June 22, 2008
June 22, 2008
June 25, 2008
Engineering Design Graphics
13.859.1 - 13.859.15
Machine Vision and Computerized Animation: Powerful Tools in Design of a Robot-Assisted Catheterization System
The desired skill set for engineers has been steadily expanding. In addition to the common concurrent skills of solid modeling, analysis, CAD/CAM and documentation, machine vision and animation are becoming increasingly valuable tools in the design and implementation of complex systems. Like other components and design software, machine vision system hardware and software have become less costly and easier to use. Animation software has also become easier to use and has proven to be effective in demonstrating and validating design concepts. In this paper, students will describe the processes they went through to learn and utilize machine vision and computerized animation in the design of a robot-assisted catheterization system.
The student authors on this paper were approached by two doctors with the challenge of combining robotics, machine vision, and medical imaging to begin developing a system capable of fully autonomous catheterization. Previously, the doctors had demonstrated the ability to perform real-time tracking of central vessels using ultrasound images and machine vision. The next step towards fully autonomous catheterization was to develop the physical infrastructure to complement the code and make the components of the system communicate with each other. Solid modeling was used to prove the concept of the physical system and optimize the configuration. In this phase of the project, hands-free imagery was achieved to be used by an operator completing central vessel catheterization.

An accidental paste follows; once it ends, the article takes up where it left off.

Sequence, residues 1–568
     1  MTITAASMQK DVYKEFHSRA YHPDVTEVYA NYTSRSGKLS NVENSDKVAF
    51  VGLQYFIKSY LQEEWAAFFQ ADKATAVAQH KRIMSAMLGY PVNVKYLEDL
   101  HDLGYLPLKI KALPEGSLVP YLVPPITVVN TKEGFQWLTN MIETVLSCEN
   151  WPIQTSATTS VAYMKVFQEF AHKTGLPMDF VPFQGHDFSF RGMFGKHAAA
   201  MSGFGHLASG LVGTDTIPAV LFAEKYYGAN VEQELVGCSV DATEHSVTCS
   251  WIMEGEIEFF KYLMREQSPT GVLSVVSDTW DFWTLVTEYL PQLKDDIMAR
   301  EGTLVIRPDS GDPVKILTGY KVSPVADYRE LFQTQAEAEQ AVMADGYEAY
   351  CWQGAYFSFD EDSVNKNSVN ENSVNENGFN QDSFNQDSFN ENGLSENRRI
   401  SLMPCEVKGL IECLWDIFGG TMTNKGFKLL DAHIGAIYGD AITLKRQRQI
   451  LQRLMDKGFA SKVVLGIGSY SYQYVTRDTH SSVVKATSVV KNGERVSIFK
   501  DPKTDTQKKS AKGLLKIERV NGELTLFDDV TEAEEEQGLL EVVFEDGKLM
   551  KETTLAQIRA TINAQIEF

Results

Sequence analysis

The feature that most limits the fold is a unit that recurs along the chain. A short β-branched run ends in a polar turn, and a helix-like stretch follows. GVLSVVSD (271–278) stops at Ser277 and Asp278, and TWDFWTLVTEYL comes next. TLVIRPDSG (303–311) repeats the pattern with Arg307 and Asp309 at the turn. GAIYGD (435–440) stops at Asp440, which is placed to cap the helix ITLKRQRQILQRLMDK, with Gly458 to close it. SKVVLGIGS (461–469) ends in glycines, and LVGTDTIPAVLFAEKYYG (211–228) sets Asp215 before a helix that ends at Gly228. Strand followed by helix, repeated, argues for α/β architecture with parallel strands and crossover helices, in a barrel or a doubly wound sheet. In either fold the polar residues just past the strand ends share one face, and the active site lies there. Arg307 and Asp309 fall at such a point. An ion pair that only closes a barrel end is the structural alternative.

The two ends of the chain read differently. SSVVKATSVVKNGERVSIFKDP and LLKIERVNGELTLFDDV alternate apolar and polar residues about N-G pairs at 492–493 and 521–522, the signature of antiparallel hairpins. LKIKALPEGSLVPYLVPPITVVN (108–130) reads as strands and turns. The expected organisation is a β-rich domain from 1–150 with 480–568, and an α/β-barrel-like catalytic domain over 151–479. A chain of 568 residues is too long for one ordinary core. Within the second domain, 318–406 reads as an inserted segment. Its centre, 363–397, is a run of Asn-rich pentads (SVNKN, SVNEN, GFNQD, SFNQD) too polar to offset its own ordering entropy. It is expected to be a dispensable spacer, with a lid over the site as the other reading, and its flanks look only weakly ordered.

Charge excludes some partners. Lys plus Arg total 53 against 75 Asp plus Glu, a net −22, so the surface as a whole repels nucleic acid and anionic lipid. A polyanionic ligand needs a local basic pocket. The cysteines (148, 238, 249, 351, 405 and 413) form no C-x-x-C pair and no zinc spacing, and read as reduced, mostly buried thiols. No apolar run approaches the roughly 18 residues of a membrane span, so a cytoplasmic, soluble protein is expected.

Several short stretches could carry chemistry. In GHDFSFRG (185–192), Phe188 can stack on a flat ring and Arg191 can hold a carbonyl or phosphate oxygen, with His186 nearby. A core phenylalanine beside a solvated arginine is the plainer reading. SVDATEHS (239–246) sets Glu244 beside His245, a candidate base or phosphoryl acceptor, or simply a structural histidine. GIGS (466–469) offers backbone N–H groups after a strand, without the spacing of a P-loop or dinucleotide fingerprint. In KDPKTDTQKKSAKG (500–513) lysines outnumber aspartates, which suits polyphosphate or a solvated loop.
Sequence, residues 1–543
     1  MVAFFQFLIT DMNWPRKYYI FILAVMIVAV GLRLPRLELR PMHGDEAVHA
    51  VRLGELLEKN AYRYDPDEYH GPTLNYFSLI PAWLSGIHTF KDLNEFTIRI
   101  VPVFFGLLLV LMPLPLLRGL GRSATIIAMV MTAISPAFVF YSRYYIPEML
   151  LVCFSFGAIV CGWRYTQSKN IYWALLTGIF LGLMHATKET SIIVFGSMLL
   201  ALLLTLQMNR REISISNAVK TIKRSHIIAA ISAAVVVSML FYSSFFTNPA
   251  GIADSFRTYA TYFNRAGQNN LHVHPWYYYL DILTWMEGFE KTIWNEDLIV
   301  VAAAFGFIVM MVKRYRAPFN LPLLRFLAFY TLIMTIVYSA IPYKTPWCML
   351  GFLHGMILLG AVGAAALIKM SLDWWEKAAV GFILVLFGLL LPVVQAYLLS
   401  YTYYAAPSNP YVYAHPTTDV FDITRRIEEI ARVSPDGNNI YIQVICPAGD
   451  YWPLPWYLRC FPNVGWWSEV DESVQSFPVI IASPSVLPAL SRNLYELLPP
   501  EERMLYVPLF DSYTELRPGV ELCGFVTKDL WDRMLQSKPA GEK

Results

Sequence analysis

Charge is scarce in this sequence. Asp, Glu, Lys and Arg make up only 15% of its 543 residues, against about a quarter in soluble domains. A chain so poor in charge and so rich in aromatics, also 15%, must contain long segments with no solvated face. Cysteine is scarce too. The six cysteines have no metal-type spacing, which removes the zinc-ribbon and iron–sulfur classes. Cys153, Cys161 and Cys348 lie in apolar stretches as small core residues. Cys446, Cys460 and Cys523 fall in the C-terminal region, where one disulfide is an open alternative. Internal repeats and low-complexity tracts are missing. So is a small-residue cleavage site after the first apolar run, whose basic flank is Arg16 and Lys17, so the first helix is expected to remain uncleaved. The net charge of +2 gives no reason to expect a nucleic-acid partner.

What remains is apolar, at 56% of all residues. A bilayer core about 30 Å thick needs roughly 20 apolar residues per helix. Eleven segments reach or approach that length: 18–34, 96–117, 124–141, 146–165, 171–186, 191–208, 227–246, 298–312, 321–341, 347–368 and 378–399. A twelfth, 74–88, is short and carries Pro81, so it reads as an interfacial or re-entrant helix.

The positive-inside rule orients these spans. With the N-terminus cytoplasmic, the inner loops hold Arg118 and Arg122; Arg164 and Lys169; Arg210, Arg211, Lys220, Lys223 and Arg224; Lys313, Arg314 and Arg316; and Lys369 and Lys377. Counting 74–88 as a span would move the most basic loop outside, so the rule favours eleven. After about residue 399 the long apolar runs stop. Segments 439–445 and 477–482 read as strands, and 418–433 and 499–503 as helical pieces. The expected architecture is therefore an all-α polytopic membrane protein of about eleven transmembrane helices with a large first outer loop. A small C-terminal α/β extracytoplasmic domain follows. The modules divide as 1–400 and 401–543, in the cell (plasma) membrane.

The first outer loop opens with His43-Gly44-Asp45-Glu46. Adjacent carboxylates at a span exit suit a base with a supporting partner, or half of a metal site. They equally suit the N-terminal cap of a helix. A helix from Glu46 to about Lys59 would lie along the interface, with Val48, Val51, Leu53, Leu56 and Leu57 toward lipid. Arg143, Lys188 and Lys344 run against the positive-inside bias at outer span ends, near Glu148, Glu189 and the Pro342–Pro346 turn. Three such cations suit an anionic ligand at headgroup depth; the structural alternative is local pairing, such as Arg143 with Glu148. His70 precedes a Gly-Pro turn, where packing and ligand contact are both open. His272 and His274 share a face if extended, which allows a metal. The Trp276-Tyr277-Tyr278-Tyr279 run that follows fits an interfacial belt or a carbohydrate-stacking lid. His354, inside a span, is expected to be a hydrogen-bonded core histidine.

The hands-free system provides the operator with the ability to use medical imaging to more easily and accurately find central vessels in clinical applications, and initiates the infrastructure for future, fully automated catheterization which will be required for autonomous surgical projects such as the DARPA Trauma Pod Concept1. Another research group at the University of Washington has been working on a remote, telerobotic operating room for use in military applications, allowing quicker response times for surgery on the battlefield2. Whether autonomous or controlled by telecommunications, the robotic operating room will require catheterization, and autonomous catheterization in trauma situations will be advantageous.
The three main steps during trauma resuscitation are gaining control of hemorrhaging, maintaining a functioning airway, and supporting circulation. Vital to circulatory support is obtaining intravenous access. If a central vein is chosen for access, rapid and reliable infusion of medicines and fluids can be administered. In addition, important intravascular pressure measurements can be obtained with closed loop monitoring of a central vein. Unlike peripheral veins, central veins are anatomically consistent; in severe trauma with loss of an extremity, peripheral veins may not be present. Central veins can be readily identified using ultrasound, a modality used in current medical practice. To achieve autonomous trauma resuscitation in
McDonald, J., & Crowder, S., & McInnis, C., & Yanakis, S., & Bertozzi, N., & Kaplan, D., & D'Ambra, M. (2008, June), Machine Vision And Computerized Animation: Powerful Tools In The Design Of A Robot Assisted Catheterization System Paper presented at 2008 Annual Conference & Exposition, Pittsburgh, Pennsylvania. 10.18260/1-2--4071
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